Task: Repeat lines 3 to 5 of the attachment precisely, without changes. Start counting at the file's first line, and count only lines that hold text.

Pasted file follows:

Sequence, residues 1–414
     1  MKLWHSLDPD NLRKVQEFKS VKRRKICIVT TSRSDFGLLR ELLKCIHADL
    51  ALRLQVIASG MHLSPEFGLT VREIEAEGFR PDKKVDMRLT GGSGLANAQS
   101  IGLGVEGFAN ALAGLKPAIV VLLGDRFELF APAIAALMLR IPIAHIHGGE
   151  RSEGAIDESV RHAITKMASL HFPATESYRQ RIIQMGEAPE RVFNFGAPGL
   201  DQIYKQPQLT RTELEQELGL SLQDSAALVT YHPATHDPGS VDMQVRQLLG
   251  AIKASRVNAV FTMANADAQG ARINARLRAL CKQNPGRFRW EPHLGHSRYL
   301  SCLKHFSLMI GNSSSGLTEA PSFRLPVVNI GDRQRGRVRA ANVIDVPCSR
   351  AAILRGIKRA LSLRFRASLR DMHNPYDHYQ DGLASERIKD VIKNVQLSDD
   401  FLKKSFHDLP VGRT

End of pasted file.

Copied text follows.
    51  ALRLQVIASG MHLSPEFGLT VREIEAEGFR PDKKVDMRLT GGSGLANAQS
   101  IGLGVEGFAN ALAGLKPAIV VLLGDRFELF APAIAALMLR IPIAHIHGGE
   151  RSEGAIDESV RHAITKMASL HFPATESYRQ RIIQMGEAPE RVFNFGAPGL